Report: Metro Detroit Home Sales Slow as Prices Rise, Inventory Falls

RE/MAX of Southeastern Michigan in Troy released its October 2021 Housing Report, which shows rising prices and a low inventory have caused a drop in overall home sales, both month-over-month and year-over-year.
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House for sale with "For Sale" real estate sign in yard in spring or summer season. No people.
RE/MAX of Southeastern Michigan’s October 2021 Housing Report showed rising prices and falling inventory causing an overall drop in home sales. // Stock Phone

RE/MAX of Southeastern Michigan in Troy released its October 2021 Housing Report, which shows rising prices and a low inventory have caused a drop in overall home sales, both month-over-month and year-over-year.

Last October, 4,605 homes were sold, while this year, 3,949 residences were sold, marking a 14.2 percent drop. This September, 4,182 homes were sold, marking a drop greater than 6 percent.

“The market seems to be moving past multiple offers and bidding wars on most properties. Sellers remain in a favorable position and are still able to sell quickly as strong buyer demand continues to push home prices higher,” says Jeanette Schneider, president of RE/MAX of Southeastern Michigan.

“Buyers are enjoying low interest rates along with slightly less heated competition compared to earlier in the year. Buyers may also find home prices to be a bit more stable over the next few months.”

Last month’s median sales price did see a small drop since September — from $275,138 to $268,750 — but remained up year-over-year. Since last October, the median price has climbed 8.5 percent from $247,625.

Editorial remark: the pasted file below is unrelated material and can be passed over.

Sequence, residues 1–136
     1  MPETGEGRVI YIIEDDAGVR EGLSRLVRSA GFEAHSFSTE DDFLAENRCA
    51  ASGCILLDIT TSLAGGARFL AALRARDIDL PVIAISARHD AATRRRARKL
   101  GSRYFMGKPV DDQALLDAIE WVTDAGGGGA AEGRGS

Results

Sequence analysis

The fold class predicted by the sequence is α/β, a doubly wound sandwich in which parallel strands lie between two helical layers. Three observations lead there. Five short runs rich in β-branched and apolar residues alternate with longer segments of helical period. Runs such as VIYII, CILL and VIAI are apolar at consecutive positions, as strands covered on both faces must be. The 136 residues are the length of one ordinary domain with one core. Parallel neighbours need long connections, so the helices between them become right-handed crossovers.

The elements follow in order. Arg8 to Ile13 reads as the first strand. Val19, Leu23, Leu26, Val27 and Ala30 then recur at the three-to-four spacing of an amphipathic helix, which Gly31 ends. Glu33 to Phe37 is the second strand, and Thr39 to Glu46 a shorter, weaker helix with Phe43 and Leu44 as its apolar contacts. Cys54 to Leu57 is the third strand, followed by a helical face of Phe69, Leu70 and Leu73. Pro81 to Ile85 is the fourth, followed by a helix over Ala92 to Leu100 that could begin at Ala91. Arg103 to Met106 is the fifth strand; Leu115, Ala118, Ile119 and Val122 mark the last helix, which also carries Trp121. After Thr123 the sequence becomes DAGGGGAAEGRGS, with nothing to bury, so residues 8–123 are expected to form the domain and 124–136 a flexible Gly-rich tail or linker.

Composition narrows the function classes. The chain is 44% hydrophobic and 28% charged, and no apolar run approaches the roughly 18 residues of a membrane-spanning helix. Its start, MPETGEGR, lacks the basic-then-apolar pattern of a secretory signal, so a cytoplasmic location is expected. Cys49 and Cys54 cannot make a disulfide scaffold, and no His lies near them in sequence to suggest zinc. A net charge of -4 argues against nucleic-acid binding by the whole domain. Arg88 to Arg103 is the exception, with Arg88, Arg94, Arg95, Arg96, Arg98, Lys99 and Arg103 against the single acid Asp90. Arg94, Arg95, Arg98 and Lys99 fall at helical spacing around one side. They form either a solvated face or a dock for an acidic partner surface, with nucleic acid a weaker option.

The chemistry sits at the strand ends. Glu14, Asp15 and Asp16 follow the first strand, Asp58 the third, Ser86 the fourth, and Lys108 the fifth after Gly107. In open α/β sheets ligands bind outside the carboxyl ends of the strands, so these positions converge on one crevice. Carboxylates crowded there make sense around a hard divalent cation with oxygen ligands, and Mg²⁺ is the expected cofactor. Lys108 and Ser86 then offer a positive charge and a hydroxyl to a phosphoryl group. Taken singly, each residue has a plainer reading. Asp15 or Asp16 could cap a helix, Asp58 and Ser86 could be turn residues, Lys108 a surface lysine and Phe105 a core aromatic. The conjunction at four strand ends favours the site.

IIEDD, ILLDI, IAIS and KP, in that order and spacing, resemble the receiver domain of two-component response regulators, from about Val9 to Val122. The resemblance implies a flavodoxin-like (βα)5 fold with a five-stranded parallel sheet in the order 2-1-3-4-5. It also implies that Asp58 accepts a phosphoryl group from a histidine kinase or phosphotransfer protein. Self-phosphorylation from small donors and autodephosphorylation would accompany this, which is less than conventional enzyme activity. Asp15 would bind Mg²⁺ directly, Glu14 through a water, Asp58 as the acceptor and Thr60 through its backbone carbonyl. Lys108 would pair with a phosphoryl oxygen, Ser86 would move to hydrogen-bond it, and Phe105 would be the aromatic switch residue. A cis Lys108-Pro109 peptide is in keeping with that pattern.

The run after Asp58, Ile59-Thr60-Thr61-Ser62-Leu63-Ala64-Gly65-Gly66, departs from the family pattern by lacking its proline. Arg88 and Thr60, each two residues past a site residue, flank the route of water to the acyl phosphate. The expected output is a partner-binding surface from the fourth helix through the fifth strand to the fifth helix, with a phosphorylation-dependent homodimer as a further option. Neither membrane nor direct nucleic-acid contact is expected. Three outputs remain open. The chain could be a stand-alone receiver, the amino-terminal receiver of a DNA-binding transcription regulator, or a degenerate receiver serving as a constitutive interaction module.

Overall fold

Pending sales have flatlined, up to 4,197 from 4,169 since last October and 4,163 last month, marking growth of less than one percent in both. The number of days homes spend on market decreased from 32 days last October to 26 days this year, which also represents a one day increase from last month.

Broken down year-over-year by area studied, Livingston County and the city of Detroit saw drops in homes sales from 289 to 220 (23.9 percent) and 388 to 305 (21.4 percent) respectively. Oakland County dropped from 1,753 to 1,471 (16.1 percent) and Wayne from 1,865 to 1,609 (13.7 percent). Macomb avoided a drop of 10 percent or greater, going from 698 to 649 (7 percent).

The median price jumped from $55,000 to $72,000 (30.9 percent) in Detroit, an outlier. Wayne, Macomb, and Livingston all saw comparable price jumps — from $159,000 to $175,000 (10.1 percent), $210,000 to $230,000 (9.5 percent), and $314,500 to $345,000 (9.7 percent) respectively. Oakland saw the smallest jump, going from $307,000 to $325,000 (5.9 percent).

The average days spent on market were the highest in Detroit, dropping from 57 to 44 year over year (22.9 percent). Oakland and Wayne counties were second, each averaging 27 days and dropping from 29 and 32 respectively. Livingston was third, with homes averaging 25 days, down from 34. Homes in Macomb County spent the shortest time, coming in at 24 days, down from 32 (24.7 percent).

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